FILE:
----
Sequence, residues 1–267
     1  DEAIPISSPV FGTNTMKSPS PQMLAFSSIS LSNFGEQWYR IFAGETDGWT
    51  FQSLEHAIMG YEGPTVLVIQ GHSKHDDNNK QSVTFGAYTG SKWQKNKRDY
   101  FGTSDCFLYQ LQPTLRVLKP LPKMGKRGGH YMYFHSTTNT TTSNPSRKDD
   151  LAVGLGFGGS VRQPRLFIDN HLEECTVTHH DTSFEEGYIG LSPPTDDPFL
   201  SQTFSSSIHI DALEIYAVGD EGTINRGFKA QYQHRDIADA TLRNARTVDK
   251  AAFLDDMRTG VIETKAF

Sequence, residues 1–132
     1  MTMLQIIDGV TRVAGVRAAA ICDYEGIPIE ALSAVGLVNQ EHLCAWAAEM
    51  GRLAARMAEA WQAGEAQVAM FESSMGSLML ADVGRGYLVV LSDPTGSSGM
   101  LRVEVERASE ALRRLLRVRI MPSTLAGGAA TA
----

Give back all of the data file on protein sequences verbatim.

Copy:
Sequence, residues 1–267
     1  DEAIPISSPV FGTNTMKSPS PQMLAFSSIS LSNFGEQWYR IFAGETDGWT
    51  FQSLEHAIMG YEGPTVLVIQ GHSKHDDNNK QSVTFGAYTG SKWQKNKRDY
   101  FGTSDCFLYQ LQPTLRVLKP LPKMGKRGGH YMYFHSTTNT TTSNPSRKDD
   151  LAVGLGFGGS VRQPRLFIDN HLEECTVTHH DTSFEEGYIG LSPPTDDPFL
   201  SQTFSSSIHI DALEIYAVGD EGTINRGFKA QYQHRDIADA TLRNARTVDK
   251  AAFLDDMRTG VIETKAF

Sequence, residues 1–132
     1  MTMLQIIDGV TRVAGVRAAA ICDYEGIPIE ALSAVGLVNQ EHLCAWAAEM
    51  GRLAARMAEA WQAGEAQVAM FESSMGSLML ADVGRGYLVV LSDPTGSSGM
   101  LRVEVERASE ALRRLLRVRI MPSTLAGGAA TA